Cape of Good Hope Nature Reserve
Ravishing beauty now overwhelms us as we finally drive into the Cape of Good Hope Nature Reserve, for herein lies the legendary lighthouse and the Cape Of Good Hope, our final destination.
The Cape of Good Hope Nature Reserve forms part of the Cape Peninsula Park and is managed by South African National Parks. It is globally recognised for its extraordinary land formation, rich and diverse fauna and unique flora. It is this singular combination of beauty and biodiversity which is found nowhere else in the world – and within a short drive of metropolitan Cape Town – which sets it apart.
Cape Point and the Cape of Good Hope form part of the Nature Reserve. These legendary promontories were key beacons for early navigators, and inevitably the source of much story telling and many myths. In 1488, Bartholomew Dias named the Peninsula, Cabo Tormentoso, or the Cape of Storms. King John II of Portugal later gave it the name Cabo da Boa Esperanca – the Cape of Good Hope. Less than 100 years later, in 1580, Sir Frances Drake proclaimed it to be “… the most stately thing and the fairest Cape we saw in the whole circumference of the earth.”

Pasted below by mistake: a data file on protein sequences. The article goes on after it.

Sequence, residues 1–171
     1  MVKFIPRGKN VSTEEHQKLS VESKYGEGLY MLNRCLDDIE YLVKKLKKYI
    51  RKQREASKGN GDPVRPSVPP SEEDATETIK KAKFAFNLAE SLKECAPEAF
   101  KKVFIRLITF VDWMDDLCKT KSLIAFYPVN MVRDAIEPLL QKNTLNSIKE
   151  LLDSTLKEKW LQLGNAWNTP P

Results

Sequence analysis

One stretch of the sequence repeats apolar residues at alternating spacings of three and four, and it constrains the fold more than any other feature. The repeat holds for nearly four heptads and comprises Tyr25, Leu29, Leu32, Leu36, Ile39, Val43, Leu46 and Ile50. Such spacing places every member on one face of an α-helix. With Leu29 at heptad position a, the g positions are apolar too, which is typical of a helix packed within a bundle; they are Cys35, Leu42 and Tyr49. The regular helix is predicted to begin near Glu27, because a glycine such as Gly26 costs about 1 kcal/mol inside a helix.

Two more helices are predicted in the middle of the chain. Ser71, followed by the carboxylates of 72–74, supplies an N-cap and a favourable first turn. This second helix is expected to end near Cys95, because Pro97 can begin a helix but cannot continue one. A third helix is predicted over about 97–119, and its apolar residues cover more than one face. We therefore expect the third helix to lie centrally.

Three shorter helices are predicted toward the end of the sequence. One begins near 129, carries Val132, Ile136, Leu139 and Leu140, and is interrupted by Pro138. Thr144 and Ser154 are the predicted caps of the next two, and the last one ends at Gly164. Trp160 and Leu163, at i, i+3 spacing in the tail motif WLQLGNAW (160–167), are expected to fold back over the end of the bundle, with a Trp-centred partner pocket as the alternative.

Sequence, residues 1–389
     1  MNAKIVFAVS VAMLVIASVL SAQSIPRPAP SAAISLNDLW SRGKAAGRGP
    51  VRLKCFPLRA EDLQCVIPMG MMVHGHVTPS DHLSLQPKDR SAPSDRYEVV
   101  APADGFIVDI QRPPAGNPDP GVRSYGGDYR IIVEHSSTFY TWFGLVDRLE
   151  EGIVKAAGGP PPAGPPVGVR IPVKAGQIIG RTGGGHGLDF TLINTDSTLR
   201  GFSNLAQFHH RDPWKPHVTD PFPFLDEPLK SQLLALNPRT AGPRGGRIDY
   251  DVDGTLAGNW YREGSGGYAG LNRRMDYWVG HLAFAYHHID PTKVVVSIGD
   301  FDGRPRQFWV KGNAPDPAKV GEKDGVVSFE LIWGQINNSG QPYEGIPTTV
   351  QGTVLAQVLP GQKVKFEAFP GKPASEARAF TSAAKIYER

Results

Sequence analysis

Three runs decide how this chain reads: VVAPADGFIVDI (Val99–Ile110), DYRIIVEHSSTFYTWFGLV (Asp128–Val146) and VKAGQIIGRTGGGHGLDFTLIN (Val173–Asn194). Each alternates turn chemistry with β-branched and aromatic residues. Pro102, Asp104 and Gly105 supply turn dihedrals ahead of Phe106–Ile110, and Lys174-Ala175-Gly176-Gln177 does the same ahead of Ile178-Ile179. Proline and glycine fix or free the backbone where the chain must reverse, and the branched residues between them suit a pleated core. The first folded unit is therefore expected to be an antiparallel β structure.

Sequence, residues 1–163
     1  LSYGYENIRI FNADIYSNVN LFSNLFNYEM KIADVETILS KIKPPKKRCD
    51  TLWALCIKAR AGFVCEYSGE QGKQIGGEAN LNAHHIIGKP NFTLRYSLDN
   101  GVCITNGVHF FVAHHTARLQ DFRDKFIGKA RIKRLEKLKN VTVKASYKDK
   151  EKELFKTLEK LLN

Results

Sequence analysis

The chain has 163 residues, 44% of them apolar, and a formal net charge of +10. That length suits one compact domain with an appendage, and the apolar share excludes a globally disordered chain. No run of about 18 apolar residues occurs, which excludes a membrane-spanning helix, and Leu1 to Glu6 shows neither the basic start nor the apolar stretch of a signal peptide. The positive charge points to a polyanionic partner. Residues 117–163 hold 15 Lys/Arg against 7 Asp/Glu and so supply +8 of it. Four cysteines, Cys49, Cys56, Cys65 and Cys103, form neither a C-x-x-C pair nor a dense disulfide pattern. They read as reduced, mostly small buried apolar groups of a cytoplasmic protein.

In 1860, the first lighthouse was erected at a height of 238 m above Cape Point. Far too high as it was often obscured by low cloud and mist, and when in 1911 the Portuguese liner “Lusitania” ran aground wrecking itself, it was decided to relocate the lighthouse to a more visible height of 238m above Dias Point, it’s current location.
In the 17th century a Dutch Captain, Hendrick van der Decken, attempted to round the Cape in strong headwinds in his ship ‘The Flying Dutchman. His entire ship and crew disappeared. Since then many have attested to ghostly sightings of “The Flying Dutchman”, scudding around Cape Point.
The Nature Reserve is a floral treasure house, with over one thousand different species of Cape Fynbos (Afrikaans for “fine bush”). The Cape Fynbos is internationally acknowledged as one of the world’s six floral kingdoms, albeit the smallest. Moreover, the Cape Peninsula with 2256 species, and the Cape of Good Hope Nature Reserve with 1036 species, has the highest concentration of plant species for similar sized areas in the world.
Plants characteristic of the Cape Fynbos are proteas, heath like ericas, and reeds. The marvellous location of this extraordinary Nature Reserve at the tip of a great continent, the prevailing legendary strong winds and the sandstone soil all contribute to the unique flora found in this area.